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by Harry Spencer
The Twain Train
Passengers who opted to take the V&T Wine Train on October 13th received an added treat. That treat was in the person of McAvoy Lane who bills himself as the “Ghost of Mark Twain”.
Resplendent in his signature white linen suit, droopy moustache and full head of hair plus meerschaum pipe, McAvoy was the spitting image of a youthful Mark Twain. As he has done his impression literally all over the world he has developed a raspy voice which he uses to tell tall tales.
For his appearance on the V&T Wine Train he arrived at the East Gate Depot early and mingled with the passengers. At precisely 5 p.m., the train got rolling and McAvoy started a long and interesting monologue, while assuming the persona of Mark Twain. During the picturesque trip along the Carson River Canyon, he performed in one of the two passenger cars. He was abetted by the fact that the train has a state-of-the-art sound system.
During the outward bound trip several hostesses in period costume strolled the aisle, while pouring wine for the passengers. They also provided a special treat in the form of individually wrapped packets of hors d’oeuvres.
As the locomotive moved to the other end of the train for the return trip, McAvoy positioned himself in the second passenger car and delivered his monologue once again.
As to the passenger cars themselves, they are in pristine condition despite the fact they are each over a hundred years old. Every seat has the unique ability of the backrest being able to be rotated so that you are always facing forward. The spacious windows are all of three feet high, so that every seat has a commanding view of the rugged high-desert Nevada terrain.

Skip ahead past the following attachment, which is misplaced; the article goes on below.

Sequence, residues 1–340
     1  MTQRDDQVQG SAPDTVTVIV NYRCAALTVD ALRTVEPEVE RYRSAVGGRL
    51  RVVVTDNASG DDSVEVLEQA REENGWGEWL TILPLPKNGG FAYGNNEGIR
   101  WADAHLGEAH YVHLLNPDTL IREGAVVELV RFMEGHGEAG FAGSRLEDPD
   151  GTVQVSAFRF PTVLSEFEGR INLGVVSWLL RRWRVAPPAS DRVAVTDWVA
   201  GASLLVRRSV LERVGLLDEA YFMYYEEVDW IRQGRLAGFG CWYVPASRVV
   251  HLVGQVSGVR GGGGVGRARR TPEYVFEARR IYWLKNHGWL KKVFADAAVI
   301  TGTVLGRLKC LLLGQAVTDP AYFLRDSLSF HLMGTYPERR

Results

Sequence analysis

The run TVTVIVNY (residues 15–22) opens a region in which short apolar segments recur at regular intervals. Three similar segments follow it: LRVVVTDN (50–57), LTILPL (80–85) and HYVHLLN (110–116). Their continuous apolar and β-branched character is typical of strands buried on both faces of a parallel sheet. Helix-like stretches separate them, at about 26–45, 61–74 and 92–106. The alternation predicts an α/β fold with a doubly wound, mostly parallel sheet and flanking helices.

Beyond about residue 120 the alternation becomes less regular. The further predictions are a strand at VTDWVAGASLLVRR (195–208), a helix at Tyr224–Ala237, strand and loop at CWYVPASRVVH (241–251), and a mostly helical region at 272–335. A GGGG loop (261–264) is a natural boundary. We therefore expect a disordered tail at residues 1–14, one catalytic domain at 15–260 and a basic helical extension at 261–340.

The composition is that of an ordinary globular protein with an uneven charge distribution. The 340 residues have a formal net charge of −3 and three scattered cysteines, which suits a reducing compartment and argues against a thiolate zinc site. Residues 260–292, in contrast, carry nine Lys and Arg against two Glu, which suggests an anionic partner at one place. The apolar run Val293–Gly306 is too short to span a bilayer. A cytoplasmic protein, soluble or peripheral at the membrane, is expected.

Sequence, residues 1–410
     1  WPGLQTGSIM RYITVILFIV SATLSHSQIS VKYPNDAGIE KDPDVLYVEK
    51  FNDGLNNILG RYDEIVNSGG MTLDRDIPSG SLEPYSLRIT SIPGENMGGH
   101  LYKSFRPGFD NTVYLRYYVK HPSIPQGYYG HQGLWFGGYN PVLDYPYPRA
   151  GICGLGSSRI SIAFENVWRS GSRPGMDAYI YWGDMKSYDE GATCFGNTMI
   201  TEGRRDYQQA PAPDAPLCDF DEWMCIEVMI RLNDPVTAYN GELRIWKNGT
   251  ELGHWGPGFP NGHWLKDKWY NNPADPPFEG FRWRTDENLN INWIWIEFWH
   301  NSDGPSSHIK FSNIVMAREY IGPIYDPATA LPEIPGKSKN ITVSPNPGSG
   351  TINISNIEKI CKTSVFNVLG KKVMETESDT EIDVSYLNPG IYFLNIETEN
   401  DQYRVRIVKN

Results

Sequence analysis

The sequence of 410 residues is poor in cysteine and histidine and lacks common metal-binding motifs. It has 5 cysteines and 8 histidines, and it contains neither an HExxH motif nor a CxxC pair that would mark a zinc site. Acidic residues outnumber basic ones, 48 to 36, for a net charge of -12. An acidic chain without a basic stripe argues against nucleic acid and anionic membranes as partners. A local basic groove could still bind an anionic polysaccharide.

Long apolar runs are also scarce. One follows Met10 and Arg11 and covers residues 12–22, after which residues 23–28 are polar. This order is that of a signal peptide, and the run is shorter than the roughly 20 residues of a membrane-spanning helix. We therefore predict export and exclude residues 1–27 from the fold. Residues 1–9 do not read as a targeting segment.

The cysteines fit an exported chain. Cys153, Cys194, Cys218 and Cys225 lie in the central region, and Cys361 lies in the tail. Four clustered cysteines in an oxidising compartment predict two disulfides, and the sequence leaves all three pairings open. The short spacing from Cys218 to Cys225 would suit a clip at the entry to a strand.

When the train approached the depot on the return trip, the engineer kept it going until it reached the V&T Railway Overpass above Highway 50. Once there, he parked the train for several minutes to the delight of traffic passing below. Drivers were flashing their headlights and sounding their horns in approval while the passengers cheered.
Once back at the depot, the throng was entertained by a musical interlude performed by Squeek Steele in the depot’s authentic western saloon.
During the train ride, McAvoy made it a point to shake everyone’s hand in the passenger cars, answer their questions and pose for selfies. He also continued to visit with the passengers at the end of the ride in the saloon.
An interesting side note is that only white wine was served on the train, in deference to the carefully restored wicker seating; however, once back at the depot copious amounts of red wine was served and enjoyed by everyone.
Adjacent to the depot, is a separate building that houses a large, well stocked gift shop replete with historical books and souvenir clothing.